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How are heartworms transmitted?

Heartworms can only be transmitted from animal to animal by mosquitoes.  When a mosquito bites an infected animal, young heartworms called microfilariae enter into that mosquito's system. Within two weeks, the microfilariae develop into infective larvae inside the mosquito; these infective larvae can be transmitted to another animal when this mosquito takes its next blood meal. Unlike dogs, infected cats do not often have microfilariae circulating in their blood, and an infected cat is not likely to transfer the heartworm infection to another mosquito.

 

The infective larvae mature into adult heartworms in approximately six months. During the first three months, the larvae migrate through the animal’s body, eventually reaching the blood vessels of the lungs. During the last three months, the immature worms continue to develop and grow to adults, with females growing to lengths of up to 14 inches. The worms damage the blood vessels, and reduce the heart’s pumping ability, resulting in severe lung and heart disease. When the animal shows signs of illness due to adult heartworm infection, it is called heartworm disease.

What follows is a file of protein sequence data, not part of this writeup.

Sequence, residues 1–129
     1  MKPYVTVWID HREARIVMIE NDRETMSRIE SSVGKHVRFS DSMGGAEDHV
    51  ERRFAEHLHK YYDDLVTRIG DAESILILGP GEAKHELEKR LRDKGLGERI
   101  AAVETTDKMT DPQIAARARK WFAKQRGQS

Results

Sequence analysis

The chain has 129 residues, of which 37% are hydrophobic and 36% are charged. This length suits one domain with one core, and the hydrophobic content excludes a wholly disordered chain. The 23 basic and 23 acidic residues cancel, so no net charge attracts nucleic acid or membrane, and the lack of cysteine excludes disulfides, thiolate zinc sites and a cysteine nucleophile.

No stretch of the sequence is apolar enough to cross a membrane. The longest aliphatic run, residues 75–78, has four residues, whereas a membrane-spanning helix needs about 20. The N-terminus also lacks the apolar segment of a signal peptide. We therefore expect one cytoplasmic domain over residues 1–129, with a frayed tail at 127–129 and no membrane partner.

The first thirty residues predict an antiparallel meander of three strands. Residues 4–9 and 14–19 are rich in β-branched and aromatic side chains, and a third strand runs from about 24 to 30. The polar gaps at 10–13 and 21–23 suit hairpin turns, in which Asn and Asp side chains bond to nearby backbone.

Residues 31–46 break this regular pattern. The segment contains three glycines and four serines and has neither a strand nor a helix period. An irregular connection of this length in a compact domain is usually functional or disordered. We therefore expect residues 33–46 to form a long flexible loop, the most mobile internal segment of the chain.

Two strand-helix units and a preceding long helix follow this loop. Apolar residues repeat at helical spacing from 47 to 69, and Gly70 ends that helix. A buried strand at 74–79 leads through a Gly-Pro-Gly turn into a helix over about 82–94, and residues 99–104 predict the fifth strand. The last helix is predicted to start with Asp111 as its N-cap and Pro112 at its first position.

If adult worms (5-7 months post-infection) of both sexes are present, they will mate and produce new microfilariae. The microfilariae can cause the animal’s immune system to mount a reaction; this immune reaction can actually cause damage to other organs. This life cycle continues when a mosquito bites the infected animal and becomes infected by the microfilariae. After development of the microfilariae to infective larvae within the mosquito (10 days to 2 weeks later) the infective heartworm larvae are capable of infecting another animal. Adult heartworms can survive for 5 to 7 years in dogs and several months to years in cats.

**Source: American Veterinary Medical Association, 2019

Can heartworm disease be prevented?

Heartworm infection is almost 100% preventable in dogs and cats. There are several FDA-approved heartworm preventives available in a variety of formulations. Your veterinarian can recommend the best method of prevention based upon your pet's risk factors and lifestyle. Of course, you have to remember to give your pet the preventive in order for it to work!

 

The preventives do not kill adult heartworms, and will not eliminate heartworm infection or prevent signs of heartworm disease if adults are present in the pet’s body. Therefore, a blood test for existing heartworm infection is recommended before beginning a prevention program to assess the pet’s current heartworm status. Because it is more difficult to detect heartworms in cats, additional testing may be necessary to make sure the cat is not infected.

**Source: American Veterinary Medical Association, 2019

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